Physical Design and Installation
N.B. Solar installation requires working with dangerous electrical currents. These may be life threatening and/or may severely damage and destroy property.
Additionally, solar installation requires physical modifications to your caravan that may void your insurance and/or result in damage. The physical installation may also result in personal injury.
Take all safety precautions and seek professional/expert assistance if uncertain.
Whilst all care has been taken in preparing the following, it may contain misinformation, errors and omissions. No responsibility is accepted for any damages, personal injuries or ill effects. You have been warned!
Any work on 240 volt systems must be carried out by certified personnel. Having said that, a solar installation should be within the capabilities of most, experienced handymen.
The following shows the typical wiring requirements for a solar installation:
Obviously the Solar Panel will be mounted externally, nominally on the caravan roof, and all other components in a dry location, protected from the weather.
Only use Deep Cycle Batteries. You will need to purchase these from a battery specialist. Try http://www.batteryworld.com.au/ or http://www.burson.com.au/. (You can also use a Gell Battery but these are more expensive and require a more specialised Solar Controller for charging. Do not use a Starting/Cranking Battery as this will rapidly fail.) If you're buying new batteries and are particular about what you buy you may like to try http://www.batteryvalue.com.au/ located in Brisbane. Deep Cycle batteries tend to have a lower stock turn over at dealerships which results in 'ageing', purchasing batteries stocked 'fresh from the factory', as Battery Value claim, may provide additional value (in addition to BV's attractive prices).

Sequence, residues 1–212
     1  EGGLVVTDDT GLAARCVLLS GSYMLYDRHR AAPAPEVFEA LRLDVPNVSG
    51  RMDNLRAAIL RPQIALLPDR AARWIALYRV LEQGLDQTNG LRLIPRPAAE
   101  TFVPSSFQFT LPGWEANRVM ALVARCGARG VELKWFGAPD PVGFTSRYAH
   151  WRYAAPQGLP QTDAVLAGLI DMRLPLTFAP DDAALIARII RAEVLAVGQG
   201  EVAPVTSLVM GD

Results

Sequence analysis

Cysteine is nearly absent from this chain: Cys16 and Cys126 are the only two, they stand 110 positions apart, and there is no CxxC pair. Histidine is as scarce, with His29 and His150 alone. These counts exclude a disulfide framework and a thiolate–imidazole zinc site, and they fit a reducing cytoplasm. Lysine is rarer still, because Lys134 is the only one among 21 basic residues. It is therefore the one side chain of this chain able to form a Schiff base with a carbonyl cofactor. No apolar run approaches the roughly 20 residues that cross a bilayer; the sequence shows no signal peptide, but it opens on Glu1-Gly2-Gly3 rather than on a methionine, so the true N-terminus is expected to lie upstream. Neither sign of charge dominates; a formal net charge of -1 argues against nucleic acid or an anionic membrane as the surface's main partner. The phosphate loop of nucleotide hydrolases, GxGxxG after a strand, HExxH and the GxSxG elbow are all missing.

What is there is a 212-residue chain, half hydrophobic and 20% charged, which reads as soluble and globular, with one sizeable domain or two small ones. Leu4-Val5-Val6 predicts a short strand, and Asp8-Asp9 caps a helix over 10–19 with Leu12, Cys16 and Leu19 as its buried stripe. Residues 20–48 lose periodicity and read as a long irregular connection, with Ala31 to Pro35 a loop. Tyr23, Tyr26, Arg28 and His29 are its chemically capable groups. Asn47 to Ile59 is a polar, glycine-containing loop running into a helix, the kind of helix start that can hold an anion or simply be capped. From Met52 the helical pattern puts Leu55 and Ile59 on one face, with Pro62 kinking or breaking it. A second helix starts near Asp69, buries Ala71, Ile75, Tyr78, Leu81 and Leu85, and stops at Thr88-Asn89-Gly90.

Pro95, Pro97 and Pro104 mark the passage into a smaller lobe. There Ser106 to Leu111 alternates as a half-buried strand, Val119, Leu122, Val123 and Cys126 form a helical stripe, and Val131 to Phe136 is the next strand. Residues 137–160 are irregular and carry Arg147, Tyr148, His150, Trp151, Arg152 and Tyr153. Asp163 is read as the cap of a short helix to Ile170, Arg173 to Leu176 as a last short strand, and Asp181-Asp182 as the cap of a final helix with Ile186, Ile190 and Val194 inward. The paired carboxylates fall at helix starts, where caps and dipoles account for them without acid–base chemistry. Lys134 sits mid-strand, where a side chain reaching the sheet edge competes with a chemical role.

Most modern batteries are 'sealed' and may be installed within the caravan's internal living space; although some external ventilation remains desirable (reference). Otherwise they must be installed in a ventilated, weather proof, external location. If your batteries have screw caps giving access to topping up battery fluid levels or any other form of physical access to the internal workings; they are not sealed and must not be installed internally. Sealed batteries will likely also state they can be mounted in any position. Check with your supplier if uncertain. In the following, it is assumed your batteries are of the 'sealed' variety.